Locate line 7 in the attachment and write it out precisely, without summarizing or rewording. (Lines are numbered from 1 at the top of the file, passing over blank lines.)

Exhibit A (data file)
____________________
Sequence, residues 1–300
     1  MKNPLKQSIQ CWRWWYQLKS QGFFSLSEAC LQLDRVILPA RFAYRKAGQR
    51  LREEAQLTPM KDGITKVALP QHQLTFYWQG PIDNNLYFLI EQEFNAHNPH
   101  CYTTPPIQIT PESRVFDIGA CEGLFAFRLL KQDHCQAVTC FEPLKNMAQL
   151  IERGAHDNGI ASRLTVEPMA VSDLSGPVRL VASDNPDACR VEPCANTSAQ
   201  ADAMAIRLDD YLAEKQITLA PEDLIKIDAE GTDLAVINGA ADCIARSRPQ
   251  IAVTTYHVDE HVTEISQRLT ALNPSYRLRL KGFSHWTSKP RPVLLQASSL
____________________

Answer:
   251  IAVTTYHVDE HVTEISQRLT ALNPSYRLRL KGFSHWTSKP RPVLLQASSL